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Visiting Normandy Over Memorial Day

May 24, 2017, 10:03 AM

For military families, Memorial Day often means finding a special way to honor those who died in service to our nation.

The beaches of Normandy (Utah, Gold, Juno, Sword, and Omaha) were the scene of the largest amphibious invasion in history. This invasion led to the eventual demise of Hitler and the Nazis, but came at a very high price as thousands of American and Allied service members perished during the invasion. 

Many service members and military families feel drawn to visit the beaches of Normandy on the northern coast of France. This area is rich in military history including an American military cemetery, many monuments, and a variety of museums. Though you can read about it in a book or watch a movie about the bravery of those who landed on the beaches on D-Day, nothing is a substitute for putting your feet on the ground in Normandy.

Normandy Cliffs Blog

If you’re serious about planning a Normandy trip, we recommend learning more about the monuments and museums that have been erected by the American Battle Monuments Commission. This organization has the great task of guarding America’s overseas cemeteries and memorials and they do a fantastic job!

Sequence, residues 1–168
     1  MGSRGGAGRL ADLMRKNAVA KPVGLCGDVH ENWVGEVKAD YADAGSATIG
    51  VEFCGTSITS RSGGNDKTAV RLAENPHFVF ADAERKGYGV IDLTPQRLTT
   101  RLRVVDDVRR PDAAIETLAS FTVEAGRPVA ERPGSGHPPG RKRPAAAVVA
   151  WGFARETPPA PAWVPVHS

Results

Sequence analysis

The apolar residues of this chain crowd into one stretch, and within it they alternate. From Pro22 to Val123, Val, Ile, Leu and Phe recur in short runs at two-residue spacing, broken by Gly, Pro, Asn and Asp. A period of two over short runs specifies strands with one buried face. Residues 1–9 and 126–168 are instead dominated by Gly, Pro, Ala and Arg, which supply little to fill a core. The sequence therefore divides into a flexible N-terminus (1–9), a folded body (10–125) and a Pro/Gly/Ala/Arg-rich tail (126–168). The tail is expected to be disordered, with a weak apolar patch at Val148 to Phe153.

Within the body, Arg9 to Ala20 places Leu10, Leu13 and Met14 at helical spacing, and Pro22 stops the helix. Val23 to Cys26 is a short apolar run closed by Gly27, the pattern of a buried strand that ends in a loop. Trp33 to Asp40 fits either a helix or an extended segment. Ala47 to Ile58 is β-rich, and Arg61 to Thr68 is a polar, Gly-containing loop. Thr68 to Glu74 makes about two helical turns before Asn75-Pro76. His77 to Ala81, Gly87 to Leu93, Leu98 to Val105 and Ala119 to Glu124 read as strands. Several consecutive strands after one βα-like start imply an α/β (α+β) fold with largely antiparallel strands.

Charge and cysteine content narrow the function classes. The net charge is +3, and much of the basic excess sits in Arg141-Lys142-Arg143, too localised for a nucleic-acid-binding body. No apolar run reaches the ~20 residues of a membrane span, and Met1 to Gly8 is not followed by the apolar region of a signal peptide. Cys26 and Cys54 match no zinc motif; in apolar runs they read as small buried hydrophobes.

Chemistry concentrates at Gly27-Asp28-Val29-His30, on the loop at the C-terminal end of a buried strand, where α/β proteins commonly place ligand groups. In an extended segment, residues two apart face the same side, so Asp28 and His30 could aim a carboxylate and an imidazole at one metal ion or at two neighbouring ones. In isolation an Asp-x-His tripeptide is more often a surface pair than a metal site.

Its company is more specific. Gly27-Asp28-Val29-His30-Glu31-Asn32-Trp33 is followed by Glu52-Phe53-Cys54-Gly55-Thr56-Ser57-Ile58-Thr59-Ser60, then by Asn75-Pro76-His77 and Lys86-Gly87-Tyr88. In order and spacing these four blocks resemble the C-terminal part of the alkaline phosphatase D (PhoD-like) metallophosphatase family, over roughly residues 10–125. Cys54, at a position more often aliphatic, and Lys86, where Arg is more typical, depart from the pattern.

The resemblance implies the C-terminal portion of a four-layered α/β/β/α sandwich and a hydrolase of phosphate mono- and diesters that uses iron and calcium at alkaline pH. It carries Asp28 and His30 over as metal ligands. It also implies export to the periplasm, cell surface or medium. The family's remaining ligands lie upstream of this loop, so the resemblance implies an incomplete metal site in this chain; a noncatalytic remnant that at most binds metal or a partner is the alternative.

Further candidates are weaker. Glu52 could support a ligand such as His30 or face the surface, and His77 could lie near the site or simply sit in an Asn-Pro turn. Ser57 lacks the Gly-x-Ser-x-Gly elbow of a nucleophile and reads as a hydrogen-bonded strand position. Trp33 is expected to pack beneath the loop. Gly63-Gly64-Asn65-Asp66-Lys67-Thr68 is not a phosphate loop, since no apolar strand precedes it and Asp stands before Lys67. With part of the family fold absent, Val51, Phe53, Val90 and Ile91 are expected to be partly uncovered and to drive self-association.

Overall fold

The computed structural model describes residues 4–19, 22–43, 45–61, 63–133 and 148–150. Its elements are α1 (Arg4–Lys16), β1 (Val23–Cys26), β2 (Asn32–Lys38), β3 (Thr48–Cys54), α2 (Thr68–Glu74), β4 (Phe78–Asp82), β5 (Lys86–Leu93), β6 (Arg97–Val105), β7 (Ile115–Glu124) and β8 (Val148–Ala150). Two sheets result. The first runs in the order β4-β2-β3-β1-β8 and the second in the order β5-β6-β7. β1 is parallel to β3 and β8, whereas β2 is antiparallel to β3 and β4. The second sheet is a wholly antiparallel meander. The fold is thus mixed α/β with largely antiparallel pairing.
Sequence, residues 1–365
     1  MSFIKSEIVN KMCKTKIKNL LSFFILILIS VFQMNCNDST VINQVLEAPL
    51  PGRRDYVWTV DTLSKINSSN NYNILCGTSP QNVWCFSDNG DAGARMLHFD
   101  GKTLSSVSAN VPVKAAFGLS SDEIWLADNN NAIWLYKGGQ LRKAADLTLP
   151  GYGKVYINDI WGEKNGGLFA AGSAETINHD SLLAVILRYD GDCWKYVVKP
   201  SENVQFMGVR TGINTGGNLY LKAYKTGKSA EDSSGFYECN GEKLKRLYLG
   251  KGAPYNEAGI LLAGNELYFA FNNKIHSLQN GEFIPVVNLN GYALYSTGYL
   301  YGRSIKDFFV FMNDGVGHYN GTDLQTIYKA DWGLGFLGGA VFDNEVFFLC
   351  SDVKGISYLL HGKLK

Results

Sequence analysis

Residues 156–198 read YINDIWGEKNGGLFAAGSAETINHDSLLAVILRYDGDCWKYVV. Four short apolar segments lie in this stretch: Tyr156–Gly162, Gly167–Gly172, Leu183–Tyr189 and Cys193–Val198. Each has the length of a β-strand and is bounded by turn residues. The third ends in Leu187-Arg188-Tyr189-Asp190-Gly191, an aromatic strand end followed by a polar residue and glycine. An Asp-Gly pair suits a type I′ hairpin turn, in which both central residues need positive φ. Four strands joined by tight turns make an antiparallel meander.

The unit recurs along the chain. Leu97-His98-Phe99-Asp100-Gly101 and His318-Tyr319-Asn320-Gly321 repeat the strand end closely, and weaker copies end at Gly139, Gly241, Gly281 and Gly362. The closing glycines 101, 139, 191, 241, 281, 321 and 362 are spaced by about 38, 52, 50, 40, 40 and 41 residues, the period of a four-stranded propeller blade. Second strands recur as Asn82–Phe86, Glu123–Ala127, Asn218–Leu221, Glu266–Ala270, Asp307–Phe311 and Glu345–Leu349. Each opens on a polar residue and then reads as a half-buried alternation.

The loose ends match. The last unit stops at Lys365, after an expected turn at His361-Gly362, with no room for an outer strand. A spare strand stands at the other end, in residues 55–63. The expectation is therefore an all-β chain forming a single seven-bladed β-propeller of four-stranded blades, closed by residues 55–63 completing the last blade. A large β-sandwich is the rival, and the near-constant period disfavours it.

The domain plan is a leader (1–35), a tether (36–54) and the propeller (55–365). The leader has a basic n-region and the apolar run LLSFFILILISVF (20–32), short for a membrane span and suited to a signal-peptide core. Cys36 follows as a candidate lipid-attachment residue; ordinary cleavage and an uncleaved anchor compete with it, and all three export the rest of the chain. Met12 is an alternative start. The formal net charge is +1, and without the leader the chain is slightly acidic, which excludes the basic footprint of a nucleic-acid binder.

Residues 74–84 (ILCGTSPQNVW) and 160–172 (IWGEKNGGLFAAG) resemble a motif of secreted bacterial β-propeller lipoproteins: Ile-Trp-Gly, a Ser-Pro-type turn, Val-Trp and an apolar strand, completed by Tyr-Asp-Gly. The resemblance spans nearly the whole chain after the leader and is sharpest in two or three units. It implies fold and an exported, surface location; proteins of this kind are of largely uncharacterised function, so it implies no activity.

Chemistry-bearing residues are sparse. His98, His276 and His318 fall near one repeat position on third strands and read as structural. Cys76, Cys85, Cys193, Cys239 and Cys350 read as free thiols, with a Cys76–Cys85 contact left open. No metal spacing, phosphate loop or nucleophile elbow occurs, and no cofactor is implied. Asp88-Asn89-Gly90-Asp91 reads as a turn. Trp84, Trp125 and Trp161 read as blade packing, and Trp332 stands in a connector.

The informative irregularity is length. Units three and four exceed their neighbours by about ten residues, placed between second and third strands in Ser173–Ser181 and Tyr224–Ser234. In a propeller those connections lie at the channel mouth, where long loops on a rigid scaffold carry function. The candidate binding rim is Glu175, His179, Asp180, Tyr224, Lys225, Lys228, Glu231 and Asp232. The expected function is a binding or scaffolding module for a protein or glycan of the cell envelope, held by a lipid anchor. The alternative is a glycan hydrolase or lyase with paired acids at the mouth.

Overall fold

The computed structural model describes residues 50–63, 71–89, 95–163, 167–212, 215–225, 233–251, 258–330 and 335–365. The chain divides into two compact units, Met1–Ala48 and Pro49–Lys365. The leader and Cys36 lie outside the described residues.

Normandy Blog IG

Rick Steves also provides wonderful insight into a trip to Normandy. He provides information on the best way to get to the area and how to structure your trip.

If this area is on your “must-see” list, here are a few tips:

  1. Don’t rush your trip. The entire Normandy experience, for service members and military families, can be very emotional. Take your time looking through the museums and walking the beaches.
  2. Stay in a central location so that you can easily access multiple military sites.
  3. Schedule your visit to the Normandy American Cemetery later in the day so you can view the flag being lowered and retired for the day. This is an impactful time to be at the cemetery and you won’t regret it.
  4. Eat at a local restaurant and try out your French vocabulary. Many French citizens in this area are still very thankful for all that America did for them during World War II and they often share interesting stories that you won’t read about in a book or museum.
  5. Plan a few extra days to explore non-military sites in the area, including Mont St. Michel and the Bayeux Tapestry. This part of France is beautiful and you’ll enjoy your time exploring the French countryside.
Mont St Michel Blog

If you can’t make it overseas, check back later this week as we focus on visiting Veteran cemeteries in the United States. 

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